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Landfill bill passes House; heads to MO Gov. Mike Parson’s desk

Landfill bill Missouri House.jpeg
Posted at 12:08 PM, Apr 23, 2024
and last updated 2024-04-24 12:14:58-04

JEFFERSON CITY, Mo. — A years-long effort to stop a proposed landfill on the border of Kansas City, Missouri, and Raymore, has reached the desk of Missouri Gov. Mike Parson.

KSHB 41 reporter Charlie Keegan was in Jefferson City Tuesday morning where the Missouri House passed HB 1751. The legislation previously passed in the Missouri Senate, meaning the fate of the bill now rests in the hands of Parson.

“We extend our most sincere gratitude to the lawmakers who supported and championed this legislation,” said Raymore Mayor Kris Turnbow. “This measure ensures our community is protected from a threat that would have had negative impacts for generations.”

Developer Jenny Monheiser provided KSHB 41 News the following statement:

"I appreciate the discussions we’ve had over the past several days with Raymore’s elected officials that led to an agreement that works for everyone. We’re hopeful that the Governor signs the legislation that will be sent to his desk so that all parties can move forward. We will have more to say in the coming weeks about plans for the future, but for now, we’re happy to have an agreement that closes this chapter."

Members from the Missouri House also released a statement applauding the passage of the bill.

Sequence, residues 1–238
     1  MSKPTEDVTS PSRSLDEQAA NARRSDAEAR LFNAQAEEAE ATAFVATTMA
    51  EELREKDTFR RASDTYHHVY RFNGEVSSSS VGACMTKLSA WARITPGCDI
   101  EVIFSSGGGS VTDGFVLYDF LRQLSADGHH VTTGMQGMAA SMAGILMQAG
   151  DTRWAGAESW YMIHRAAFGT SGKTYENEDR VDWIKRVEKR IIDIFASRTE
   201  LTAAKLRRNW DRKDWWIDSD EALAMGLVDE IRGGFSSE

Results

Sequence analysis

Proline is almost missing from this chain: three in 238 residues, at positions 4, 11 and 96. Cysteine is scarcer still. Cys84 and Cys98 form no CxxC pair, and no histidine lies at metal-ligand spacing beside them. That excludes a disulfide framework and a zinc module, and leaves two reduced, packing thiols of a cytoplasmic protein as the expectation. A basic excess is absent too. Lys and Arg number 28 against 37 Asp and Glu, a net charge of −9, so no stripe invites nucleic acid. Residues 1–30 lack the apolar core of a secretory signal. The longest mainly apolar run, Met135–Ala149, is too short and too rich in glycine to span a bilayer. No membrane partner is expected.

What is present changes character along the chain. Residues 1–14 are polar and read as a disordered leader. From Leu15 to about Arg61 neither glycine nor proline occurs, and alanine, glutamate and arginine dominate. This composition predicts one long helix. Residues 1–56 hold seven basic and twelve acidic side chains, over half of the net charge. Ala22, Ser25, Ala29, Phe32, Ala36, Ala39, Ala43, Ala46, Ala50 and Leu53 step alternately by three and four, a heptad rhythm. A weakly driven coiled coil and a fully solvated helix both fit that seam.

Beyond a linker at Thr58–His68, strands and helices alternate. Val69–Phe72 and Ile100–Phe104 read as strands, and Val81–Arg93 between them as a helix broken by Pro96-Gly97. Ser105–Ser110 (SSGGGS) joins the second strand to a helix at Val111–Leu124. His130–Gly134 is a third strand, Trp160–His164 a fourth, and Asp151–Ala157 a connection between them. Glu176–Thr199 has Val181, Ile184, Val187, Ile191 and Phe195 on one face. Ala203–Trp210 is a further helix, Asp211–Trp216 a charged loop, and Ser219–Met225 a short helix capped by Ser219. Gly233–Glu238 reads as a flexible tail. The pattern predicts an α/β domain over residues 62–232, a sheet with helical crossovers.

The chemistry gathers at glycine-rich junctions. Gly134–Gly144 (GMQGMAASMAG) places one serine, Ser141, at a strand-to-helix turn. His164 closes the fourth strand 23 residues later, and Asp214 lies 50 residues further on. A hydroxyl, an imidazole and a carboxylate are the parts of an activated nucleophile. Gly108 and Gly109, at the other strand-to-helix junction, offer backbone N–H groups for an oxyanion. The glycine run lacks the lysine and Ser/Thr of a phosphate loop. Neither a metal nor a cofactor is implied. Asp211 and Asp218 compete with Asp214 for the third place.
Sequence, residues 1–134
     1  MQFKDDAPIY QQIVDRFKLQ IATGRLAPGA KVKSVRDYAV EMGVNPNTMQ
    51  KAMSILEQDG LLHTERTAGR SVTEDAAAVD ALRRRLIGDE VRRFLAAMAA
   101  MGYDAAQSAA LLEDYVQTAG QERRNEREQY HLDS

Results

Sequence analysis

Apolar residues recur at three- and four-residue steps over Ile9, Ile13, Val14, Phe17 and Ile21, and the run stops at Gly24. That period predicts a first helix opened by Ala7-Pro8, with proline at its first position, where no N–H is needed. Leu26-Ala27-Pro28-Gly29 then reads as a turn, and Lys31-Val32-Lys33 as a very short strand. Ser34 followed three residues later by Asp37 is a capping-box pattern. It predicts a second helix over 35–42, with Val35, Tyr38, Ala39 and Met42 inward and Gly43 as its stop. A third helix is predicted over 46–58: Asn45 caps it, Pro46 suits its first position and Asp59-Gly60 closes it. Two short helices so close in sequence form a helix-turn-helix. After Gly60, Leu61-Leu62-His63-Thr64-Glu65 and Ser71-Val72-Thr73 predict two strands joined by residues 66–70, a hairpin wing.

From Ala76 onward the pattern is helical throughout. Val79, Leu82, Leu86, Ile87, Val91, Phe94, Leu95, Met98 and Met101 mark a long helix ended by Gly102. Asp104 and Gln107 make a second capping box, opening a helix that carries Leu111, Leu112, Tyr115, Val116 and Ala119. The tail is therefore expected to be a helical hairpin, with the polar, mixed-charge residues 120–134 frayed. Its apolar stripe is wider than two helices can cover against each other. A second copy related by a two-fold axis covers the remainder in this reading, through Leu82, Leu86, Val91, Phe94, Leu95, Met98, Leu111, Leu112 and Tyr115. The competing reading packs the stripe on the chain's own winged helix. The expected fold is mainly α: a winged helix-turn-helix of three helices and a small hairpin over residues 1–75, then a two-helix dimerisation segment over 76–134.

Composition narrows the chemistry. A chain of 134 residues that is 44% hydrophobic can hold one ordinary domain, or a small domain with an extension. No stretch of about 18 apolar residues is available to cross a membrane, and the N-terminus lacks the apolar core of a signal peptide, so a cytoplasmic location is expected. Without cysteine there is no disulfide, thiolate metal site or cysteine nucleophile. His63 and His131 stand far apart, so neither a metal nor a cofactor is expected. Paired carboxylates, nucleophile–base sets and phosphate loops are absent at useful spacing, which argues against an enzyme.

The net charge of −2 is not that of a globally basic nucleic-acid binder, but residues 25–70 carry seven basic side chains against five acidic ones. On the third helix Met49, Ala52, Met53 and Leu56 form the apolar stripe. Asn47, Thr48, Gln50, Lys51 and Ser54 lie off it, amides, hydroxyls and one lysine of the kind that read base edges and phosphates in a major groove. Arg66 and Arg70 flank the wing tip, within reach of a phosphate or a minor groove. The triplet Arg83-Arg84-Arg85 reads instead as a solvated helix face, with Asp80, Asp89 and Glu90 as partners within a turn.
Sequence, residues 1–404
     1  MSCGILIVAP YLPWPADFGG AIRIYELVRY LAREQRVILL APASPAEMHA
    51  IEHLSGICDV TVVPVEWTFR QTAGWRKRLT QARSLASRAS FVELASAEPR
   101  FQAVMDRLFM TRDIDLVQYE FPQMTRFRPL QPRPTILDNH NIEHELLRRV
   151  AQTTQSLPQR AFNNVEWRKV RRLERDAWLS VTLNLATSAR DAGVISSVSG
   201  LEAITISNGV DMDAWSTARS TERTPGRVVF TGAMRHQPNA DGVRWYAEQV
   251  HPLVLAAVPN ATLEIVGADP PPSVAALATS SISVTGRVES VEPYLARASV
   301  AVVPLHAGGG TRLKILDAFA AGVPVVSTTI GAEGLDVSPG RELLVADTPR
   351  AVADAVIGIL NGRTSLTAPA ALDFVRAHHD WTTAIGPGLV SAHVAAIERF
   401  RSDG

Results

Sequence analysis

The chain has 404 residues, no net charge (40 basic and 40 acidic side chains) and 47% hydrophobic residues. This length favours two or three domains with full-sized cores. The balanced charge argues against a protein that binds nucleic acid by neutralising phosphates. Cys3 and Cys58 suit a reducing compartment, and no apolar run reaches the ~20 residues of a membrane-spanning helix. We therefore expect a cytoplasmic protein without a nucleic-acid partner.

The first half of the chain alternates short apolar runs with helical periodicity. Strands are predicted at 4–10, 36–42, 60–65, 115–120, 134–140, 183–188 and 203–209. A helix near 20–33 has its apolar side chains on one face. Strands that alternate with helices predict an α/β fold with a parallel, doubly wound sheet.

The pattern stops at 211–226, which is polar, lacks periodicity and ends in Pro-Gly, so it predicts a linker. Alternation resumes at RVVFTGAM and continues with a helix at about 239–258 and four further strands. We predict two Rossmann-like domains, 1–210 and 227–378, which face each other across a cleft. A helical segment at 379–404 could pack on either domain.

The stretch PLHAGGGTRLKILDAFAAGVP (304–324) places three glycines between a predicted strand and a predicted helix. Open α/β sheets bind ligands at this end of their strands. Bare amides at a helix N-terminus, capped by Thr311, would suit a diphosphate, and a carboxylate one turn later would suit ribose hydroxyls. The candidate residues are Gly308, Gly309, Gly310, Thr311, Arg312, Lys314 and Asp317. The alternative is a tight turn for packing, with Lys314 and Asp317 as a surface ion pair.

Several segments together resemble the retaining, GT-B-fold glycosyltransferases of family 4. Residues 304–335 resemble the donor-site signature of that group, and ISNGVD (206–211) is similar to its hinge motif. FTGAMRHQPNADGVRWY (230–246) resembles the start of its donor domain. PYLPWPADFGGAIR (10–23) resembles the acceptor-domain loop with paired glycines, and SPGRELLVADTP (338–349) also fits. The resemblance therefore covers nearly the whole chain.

“The business owners that worked to build this landfill are decent, well-intentioned people who want to better their community and provide a service. I commend their actions to work with the community, the City of Raymore, and the legislature to come to an amicable agreement to draw this issue to a close,” Missouri Rep. Jonathan Patterson, R-Lee’s Summit, said in the statement. “I am proud of the hard work of my House and Senate colleagues to assist in finding a resolution all parties can be happy with.”

The bill would require new landfills serving cities of more than 400,000 people spread across multiple counties to get approval from neighboring cities within one mile of the proposed landfill site.

Kansas City is one of a few, if not the only, cities in Missouri with more than 400,000 people spread across multiple counties.

The current law only applies to neighboring cities within one-half mile of the proposed landfill site.

The proposed bill also extends the approval process to transfer stations and other types of landfill-related uses.

Missouri Gov. Mike Parson has 15 days to sign the bill into law or veto it.

If he does neither in the next 15 days, the bill automatically becomes law.

"Each bill that reaches the Governor's desk goes through our office's thorough bill review process. Governor Parson will make his decision after that process is complete," a spokesperson for the governor shared with KSHB 41 on Wednesday.

Earlier this month, the Raymore City Council agreed to a settlement with the developers of the proposed landfill, South KC Acquisition and Kansas City Recycle & Waste Solutions. If the bill becomes law, the city will pay the developers $3.29 million.

The city will pay an additional $440,000 to acquire part of the land the developers own to extend a road.

In exchange, the developer will agree to place restrictions on the land it owns, saying it will only be used for light industrial, agriculture or residential purposes.

Turnbow said he now plans to work with the Mid-America Regional Council and other local mayors on a committee to find solutions for solid waste.

“Studies have shown we have 19 to 39 years left in the existing landfills but now is the time to talk,” he said. “How do we incentivize new technologies to our area to handle solid waste, so we minimize what goes into the landfill thereby extending the life of the existing landfills.”